Except for the idea that anything to do with DEATH IN JUNE is "fun" then I can't disagree with the other theories you forward. There is more, much more but, I draw the line at "explaining the line of DIJ". This is because I find that demeaning. Those who understand do and those who don’t won't! Life is too short to spend too much time talking, until you are blue in the face. The time for pontification and overindulgence in analysis are over. Actions speak louder than words! Time is running out like water from a sink.

(http://www.deathinjune.org/modules/mediawiki/index.php/Interview:

1996-Descent )

The milieu of Industrial music culture, punk and post-punk contained many contradictions, philosophical and political discussions, use of imagery and aesthetics as provocation and stimulation or questioning, and the exploration of many positions of different politics, ideologies, spiritualities and esoteric matter. Throbbing Gristle, pioneers of British avant-garde industrial music had used a lightening flash insignia which had been used by many different militaries across the world but because a variation of it had been used by the British Union of Fascists in the 1930s questions were raised in the press about Throbbing Gristles politics. The band themselves adapted it from their look at military insignia and David Bowies flash make-up used during his Ziggy Stardust period (Ford, S, 1999). Joy Division, the post punk band who had taken their name from the concentration camp inmates who were used as prostitutes for the guards of the camps, were also accused of fascist sympathies simply on the strength of their name and the groups on stage 1930s look of trousers, shirts and ties. Theatre of Hate became Spear of Destiny in 1983 also were accused of flirting with fascist imagery because of the myths surrounding the Spear of Destiny and the Nazi regime in Germany in the 1930s. Laibach the Slovenian industrial band were accused of being fascist for being deliberately ambiguous about their imagery and totalitarian statements about their art. Most of these artists were using these ideas, images, aesthetics and ideas as juxtapositions and collage affects for their artwork to have an impact on a culture that during the 1980s in the UK was beginning to become intellectually and artistically depthless and insipid. Just as critical postmodern thinkers like Jean Baudrillard (Baudrillard, 1983, 1994) were beginning to point out the lack of depth and culturally disembedded nature of symbolic goods and ideas this pocket of music makers were making people think on a scale unexpected by popular cultural standards. The book Tape Delay by Charles Neal (SAF publishing, 1987) brought together interviews, essays, lyrics and commentary on a group of musicians who were operating in fairly diverse musical fields but who shared a commitment to challenging music and lacing that music with references to different ideas. These artists and their audiences produced a cultural milieu that was incredibly rich with discussion, theorizing, literary and philosophical references and crucially critical thinking. Artists such as Cabaret Voltaire, Test Department, Lydia Lunch, Nick Cave, Einsturzende Neubauten, Psychic TV, David Tibet, Diamanda Galas, Swans, Matt Johnson, Mark Almond, Coil, Sonic Youth, Mark Stewart and many more were linked together as a type of intelligent independent music scene (even though some of these artists were on major labels). By Independent here I mean in terms of thought and musical development, these artists often produced music that completely worked outside of what was thought of as `popular music’. The reference points in their work are many and varied and include: William Burroughs (the American beat writer and intellectual), Alfred Jarry (the playwright), Salvidor Dali (the artist), Austin Osman Spare (the artist and occultist), the Marquis De Sade (author), Joseph Conrad (author), Mirbeau (author), Aleister Crowley (the occultist), Hakim Bey (anarchist and author), Ezra Pound (author, poet), The Futurists (art movement), Noam Chomsky (Writer and critic). Various types of paganism, magic, occultism, environmentalism, anarchism, situationism, conservatism, communalism, individualism, socialism are also apparent in their references. What is clear from their work is that the using, abusing, borrowing and knitting together of these various reference points is always done in a unique and thought provoking way.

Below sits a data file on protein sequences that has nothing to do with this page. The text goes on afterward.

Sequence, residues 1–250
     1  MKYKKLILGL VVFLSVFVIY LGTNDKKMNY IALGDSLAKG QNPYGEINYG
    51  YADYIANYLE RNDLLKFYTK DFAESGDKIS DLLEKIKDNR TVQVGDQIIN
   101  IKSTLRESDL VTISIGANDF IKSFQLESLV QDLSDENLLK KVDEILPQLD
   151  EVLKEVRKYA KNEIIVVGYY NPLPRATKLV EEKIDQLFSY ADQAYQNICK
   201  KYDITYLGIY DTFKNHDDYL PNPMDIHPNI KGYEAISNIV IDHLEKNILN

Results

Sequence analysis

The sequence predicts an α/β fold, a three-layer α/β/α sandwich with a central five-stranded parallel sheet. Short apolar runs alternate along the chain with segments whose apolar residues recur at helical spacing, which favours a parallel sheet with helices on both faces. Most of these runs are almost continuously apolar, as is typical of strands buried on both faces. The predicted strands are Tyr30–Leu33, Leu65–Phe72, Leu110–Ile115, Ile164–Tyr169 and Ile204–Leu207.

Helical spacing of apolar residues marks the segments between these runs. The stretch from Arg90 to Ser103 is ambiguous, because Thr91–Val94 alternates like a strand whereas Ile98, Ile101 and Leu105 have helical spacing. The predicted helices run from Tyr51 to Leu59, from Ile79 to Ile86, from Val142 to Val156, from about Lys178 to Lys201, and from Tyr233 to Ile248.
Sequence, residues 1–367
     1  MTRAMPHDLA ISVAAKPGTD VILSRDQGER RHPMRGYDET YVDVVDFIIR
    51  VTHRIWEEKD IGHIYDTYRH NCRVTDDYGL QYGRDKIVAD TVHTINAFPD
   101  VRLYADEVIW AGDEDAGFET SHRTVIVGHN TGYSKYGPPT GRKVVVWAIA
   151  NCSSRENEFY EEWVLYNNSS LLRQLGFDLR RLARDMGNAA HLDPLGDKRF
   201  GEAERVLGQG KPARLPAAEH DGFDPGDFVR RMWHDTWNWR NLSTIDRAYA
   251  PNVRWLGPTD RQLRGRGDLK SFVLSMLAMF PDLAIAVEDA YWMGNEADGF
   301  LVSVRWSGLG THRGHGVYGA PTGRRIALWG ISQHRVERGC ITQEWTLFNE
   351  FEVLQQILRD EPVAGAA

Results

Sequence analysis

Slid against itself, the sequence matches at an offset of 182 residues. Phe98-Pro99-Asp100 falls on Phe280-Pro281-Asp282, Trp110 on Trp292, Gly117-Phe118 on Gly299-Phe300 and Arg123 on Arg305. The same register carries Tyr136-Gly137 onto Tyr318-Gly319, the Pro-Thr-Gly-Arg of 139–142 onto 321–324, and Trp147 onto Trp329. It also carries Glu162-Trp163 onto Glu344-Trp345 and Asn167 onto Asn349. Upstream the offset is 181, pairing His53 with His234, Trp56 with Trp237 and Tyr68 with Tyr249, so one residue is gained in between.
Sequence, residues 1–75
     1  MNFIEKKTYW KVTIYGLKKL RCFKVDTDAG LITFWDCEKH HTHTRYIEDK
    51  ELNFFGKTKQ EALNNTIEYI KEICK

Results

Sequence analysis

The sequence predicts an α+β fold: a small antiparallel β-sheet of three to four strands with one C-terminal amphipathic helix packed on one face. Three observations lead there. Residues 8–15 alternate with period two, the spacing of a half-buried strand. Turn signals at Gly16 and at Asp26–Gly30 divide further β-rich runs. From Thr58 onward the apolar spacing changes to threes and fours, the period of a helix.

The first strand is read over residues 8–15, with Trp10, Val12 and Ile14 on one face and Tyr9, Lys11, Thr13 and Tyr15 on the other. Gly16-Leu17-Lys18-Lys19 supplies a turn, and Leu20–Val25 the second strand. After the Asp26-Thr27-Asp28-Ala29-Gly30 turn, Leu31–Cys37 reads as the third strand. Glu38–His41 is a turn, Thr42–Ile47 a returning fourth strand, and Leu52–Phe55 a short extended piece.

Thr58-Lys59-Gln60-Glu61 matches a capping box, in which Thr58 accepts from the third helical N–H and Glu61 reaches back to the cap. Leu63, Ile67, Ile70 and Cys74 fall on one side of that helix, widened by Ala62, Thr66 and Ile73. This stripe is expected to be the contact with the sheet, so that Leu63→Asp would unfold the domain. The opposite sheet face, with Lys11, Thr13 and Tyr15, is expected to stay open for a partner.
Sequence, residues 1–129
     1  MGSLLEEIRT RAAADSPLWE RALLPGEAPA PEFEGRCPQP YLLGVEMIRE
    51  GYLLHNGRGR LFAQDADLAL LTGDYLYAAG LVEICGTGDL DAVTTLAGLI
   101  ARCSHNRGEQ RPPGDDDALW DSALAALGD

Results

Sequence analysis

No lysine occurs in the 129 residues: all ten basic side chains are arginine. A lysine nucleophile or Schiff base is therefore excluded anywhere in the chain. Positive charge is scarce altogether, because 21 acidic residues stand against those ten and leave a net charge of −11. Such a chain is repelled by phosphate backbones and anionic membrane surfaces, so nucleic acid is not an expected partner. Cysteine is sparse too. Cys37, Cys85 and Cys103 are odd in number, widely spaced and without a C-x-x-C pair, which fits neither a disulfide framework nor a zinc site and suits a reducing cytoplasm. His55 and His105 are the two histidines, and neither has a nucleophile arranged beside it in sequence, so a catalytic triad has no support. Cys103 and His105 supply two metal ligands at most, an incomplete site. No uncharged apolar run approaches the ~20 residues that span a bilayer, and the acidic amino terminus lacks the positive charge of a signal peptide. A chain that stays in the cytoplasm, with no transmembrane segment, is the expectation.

Peter Webb’s, `Exploring the Networked Worlds of Popular Music: Milieu Cultures’, is published by Routledge. ISBN 0-415-95658-7. For further details see:

 
http://www.routledge.com/books/Exploring-the-Networked-Worlds-of-Popular-Music-isbn
9780415956581
 

It is available from:

 

http://www.amazon.com/s/ref=nb_ss_gw/103-0336907-7782207?url=search-alias%3Daps

&field-keywords=exploring+the+networked+worlds+of+popular+music&x=0&y=

Tuesday, January 01, 2008

Codex Europa Live Session

At 20.00 (21.00 CET) on 3rd January, Codex Europa will play a live set on Ill FM. The set will feature a selection of Russian and ex-Yugoslav industrial music interspersed with avant-garde composition from the region.